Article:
Pagosa’s earliest settlers were a varied lot, coming from all parts of the nation and representing a variety of occupations. The very earliest wave of settlers were prospectors searching for El Dorado, get-rich-quick gold. Those first settlers left few tracks and, if they didn’t find El Dorado, tended to move on as silently as they came.
Right behind were the homesteaders, the kind of people who build a country. Pagosa’s prospectors came in the mid-1870s and by 1880 were mostly gone. There was no oro, no gold near Pagosa Springs. A few of the settlers followed Fort Lewis into the community circa 1877/1878 and stayed. Some of their descendants are still here. A class of people who could be called settlers, some of them in covered wagons, continued to trickle in as late as the early 1920s. Agricultural homesteads were available until the 1920s, although the quality of the choices was pretty much gone. And so, we continue to look at those early settlers who contributed to the foundations of our community.
Dr. McKendree DeMotte was born in Kane, Illinois, in May of 1822 and died June 2, 1924. At the age of 12, his heart turned to the ministry. He was licensed to preach by the time he was 17, when he entered Illinois Wesleyan University. Two years later, he joined the Union Army, reached the rank of captain in the 10th Missouri Secret Service, and was twice captured. He spent 64 years in the ministry, the latter part of which were served in Utah, Nebraska, and Colorado. He was pastor of the Methodist and Episcopal Churches in Pagosa Springs and Meeker, and the Community Church at Cedaridge. He was married twice, his first wife passing away. By that marriage he had four daughters and one son. He married Myrtle G. Webmer at Sterling, Colorado, Sept. 21, 1898.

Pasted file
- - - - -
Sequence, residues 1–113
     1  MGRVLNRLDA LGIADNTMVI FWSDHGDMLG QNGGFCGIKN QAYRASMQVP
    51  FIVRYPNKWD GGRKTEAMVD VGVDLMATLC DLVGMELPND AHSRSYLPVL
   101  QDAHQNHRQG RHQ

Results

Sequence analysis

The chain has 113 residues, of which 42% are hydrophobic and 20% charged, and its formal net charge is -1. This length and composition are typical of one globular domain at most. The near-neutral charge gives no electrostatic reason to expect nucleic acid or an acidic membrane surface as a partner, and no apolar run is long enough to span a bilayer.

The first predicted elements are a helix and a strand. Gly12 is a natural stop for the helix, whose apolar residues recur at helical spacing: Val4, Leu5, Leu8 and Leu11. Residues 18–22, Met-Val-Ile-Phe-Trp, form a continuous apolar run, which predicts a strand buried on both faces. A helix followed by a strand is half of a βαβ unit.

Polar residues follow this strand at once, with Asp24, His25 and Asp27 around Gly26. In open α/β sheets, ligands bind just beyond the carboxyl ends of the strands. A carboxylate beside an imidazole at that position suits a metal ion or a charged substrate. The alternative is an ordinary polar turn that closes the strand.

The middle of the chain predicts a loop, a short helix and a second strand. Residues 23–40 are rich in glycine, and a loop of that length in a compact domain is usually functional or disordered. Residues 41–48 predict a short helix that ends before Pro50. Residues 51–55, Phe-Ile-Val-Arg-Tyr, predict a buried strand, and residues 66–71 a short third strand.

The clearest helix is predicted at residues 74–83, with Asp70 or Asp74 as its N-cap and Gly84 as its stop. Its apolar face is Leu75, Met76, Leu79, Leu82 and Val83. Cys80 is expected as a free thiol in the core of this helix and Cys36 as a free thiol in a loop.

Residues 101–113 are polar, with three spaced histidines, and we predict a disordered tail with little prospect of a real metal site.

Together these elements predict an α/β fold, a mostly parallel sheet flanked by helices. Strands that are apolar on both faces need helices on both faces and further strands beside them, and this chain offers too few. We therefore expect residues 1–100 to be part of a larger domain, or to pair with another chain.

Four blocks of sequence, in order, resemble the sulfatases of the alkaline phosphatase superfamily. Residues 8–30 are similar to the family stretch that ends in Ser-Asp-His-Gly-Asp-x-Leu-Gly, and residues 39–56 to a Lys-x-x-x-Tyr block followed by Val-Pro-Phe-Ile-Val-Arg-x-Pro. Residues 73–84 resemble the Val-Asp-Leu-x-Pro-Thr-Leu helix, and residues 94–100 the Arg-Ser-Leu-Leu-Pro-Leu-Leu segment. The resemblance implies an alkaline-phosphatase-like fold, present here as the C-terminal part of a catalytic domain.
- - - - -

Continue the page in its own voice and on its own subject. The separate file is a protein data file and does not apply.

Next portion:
Mrs. Myrtle DeMotte was the wife of Dr. DeMotte. They came to Pagosa Springs Jan. 14, 1905. She passed away in Sterling, Colorado, May 16, 1950. During her last years she lived with her sister, Mrs. Alford Gaylord.
Mrs. Maud Diehl was the eldest daughter of Mortimer and Emma Bayles and was born at Pagosa Springs Oct. 14, 1894. She taught several terms in Pagosa Springs and county schools.
Marie Egger Douglass was the daughter of Mr. and Mrs. D.L Egger, the editor and founder of Pagosa Springs’ first newspaper in 1891. She died in June of 1952 in Van Nuys, Calif. After being born in Pagosa Springs, she worked as a clerk in the Colorado legislature for several years. After marrying Douglass, she moved to California. She had brothers Leroy and Raymond, and a sister Mrs. Helen Owen.
John L. Dowell was a member of a family that had a significant influence while helping settle early Pagosa Country. He was born in Monroe County, Ohio, Aug. 13, 1844, and served in the Union Army during the Civil War. He moved from Illinois to Kansas in 1869, from Kansas to Colorado in 1876, and to Pagosa Springs in 1878, where he resided until passing away in June of 1918. He was active in business, political, and financial affairs in the county. He was the first mayor of Pagosa Springs, served two terms as county commissioner, and in other ways served the community. He maintained a home in town and homesteaded the property now known as Mill Creek Ranch near the head of Mill Creek.
It was at this ranch during the flood of 1911 that his brother Jake drowned in the rampaging waters of Mill Creek. He had the two-story frame house built on this ranch during the mid-1890s. The last I knew, the house was still standing. He never married. His sisters were Gertrude Dowell, Laura Grimes, and Mary McDonald.